Opinion of applied ethologists about expectation bias and debiasing techniques

Frank Tuyttens, Lisanne Stadig, Jasper Heerkens, Eva Van laer, Stephanie Buijs, Bart Ampe

    Research output: Chapter in Book/Report/Conference proceedingC3: Conference Abstractpeer-review

    Abstract

    Observers in applied ethological research are rarely blinded despite mounting evidence that expectation biases may affect, and even invalidate, research outcomes. We surveyed delegates of the ISAE-2014 congress shortly before (n=39 respondents) and after (n=51 respondents) a combined congress plenary lecture and workshop on expectation bias in applied ethology. During the lecture some examples of how expectancy effects influenced scores of animal behaviour and welfare were presented. The aims were to evaluate the effect of the plenary lecture and workshop on the opinion of the congress delegates on blinding observers and alternative debiasing techniques. Awareness about expectancy effects and debiasing techniques was lower before than immediately after the congress plenary lecture and workshop. Research situations considered as most susceptible to expectation bias – i.e. when the data-collector uses subjective methods and has strong expectations about the research outcome – were perceived to be more common in applied ethology than in other scientific disciplines (29.8 vs 16.9%, P<0.001). Nonblinded data collection in such research situations was viewed more disapprovingly after the plenary lecture and workshop as compared to before (lsmean of 6.8 vs 7.8 on a 10-point Likert scale, P<0.05). The main reasons why blinded observations are uncommon in applied ethology seem to relate to a limited awareness about expectancy effects and to logistic constraints of blinded observations rather than that the susceptibility of the research field is perceived to be low. In addition to the immediate effect of the plenary lecture and workshop, a more sustained and concerted effort throughout all stages of the research process seems warranted in order to avoid expectation bias affecting research findings and in order to safeguard the scientific credibility of the field of applied ethology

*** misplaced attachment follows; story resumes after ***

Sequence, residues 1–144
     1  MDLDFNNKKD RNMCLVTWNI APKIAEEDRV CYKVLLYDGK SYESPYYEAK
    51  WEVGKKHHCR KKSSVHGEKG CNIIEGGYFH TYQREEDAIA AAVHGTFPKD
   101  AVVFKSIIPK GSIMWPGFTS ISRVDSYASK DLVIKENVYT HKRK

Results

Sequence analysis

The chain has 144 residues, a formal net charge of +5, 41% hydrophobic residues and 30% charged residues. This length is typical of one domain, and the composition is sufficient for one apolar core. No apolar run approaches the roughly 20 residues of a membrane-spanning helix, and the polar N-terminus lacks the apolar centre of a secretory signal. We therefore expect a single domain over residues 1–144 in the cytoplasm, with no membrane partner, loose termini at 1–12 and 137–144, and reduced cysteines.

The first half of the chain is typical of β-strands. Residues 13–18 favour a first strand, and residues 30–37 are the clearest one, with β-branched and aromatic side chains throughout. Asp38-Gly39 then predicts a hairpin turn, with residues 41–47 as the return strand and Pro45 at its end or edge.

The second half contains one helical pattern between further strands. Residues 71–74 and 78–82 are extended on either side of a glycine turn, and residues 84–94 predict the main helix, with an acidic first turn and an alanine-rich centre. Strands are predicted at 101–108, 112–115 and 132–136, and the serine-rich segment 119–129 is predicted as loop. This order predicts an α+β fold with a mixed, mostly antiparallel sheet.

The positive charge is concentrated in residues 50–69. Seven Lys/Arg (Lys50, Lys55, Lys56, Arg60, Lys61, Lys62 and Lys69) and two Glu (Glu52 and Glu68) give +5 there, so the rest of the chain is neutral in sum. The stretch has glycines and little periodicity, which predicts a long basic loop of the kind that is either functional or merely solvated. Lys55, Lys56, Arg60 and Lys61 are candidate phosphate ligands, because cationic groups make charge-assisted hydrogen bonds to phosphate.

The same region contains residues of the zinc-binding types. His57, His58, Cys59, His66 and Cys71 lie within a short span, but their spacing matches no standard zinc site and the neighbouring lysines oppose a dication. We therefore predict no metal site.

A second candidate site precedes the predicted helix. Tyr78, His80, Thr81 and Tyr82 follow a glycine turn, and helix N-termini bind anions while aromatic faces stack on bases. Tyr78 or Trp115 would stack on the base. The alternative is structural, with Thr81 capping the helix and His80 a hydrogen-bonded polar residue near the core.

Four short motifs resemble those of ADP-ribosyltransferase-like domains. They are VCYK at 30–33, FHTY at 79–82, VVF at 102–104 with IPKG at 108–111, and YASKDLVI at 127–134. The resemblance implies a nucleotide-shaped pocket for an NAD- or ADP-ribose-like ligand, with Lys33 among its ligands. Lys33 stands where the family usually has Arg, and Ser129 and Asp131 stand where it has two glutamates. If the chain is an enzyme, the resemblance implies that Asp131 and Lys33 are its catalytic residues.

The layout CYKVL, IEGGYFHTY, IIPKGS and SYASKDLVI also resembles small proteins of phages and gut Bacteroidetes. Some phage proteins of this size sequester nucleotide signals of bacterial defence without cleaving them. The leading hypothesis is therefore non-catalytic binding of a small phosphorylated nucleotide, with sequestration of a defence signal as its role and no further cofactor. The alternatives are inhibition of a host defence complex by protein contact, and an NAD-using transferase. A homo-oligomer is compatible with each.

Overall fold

Original languageEnglish
    Title of host publicationProceedings of the 50th Congress of the International Society for Applied Ethology
    EditorsCathy Dwyer, Marie Haskell, Victoria Sandilands
    Number of pages1
    Place of PublicationEdinburgh, United Kingdom
    PublisherWageningen Academic Publishers
    Publication date12-Jul-2016
    Pages114
    ISBN (Print)978-90-8686-287-0
    Publication statusPublished - 12-Jul-2016
    Event50th Congress of the International Society for Applied Ethology - United Kingdom, Edinburgh, United Kingdom
    Duration: 12-Jul-201615-Jul-2016

    Fingerprint

    Dive into the research topics of 'Opinion of applied ethologists about expectation bias and debiasing techniques'. Together they form a unique fingerprint.

    Cite this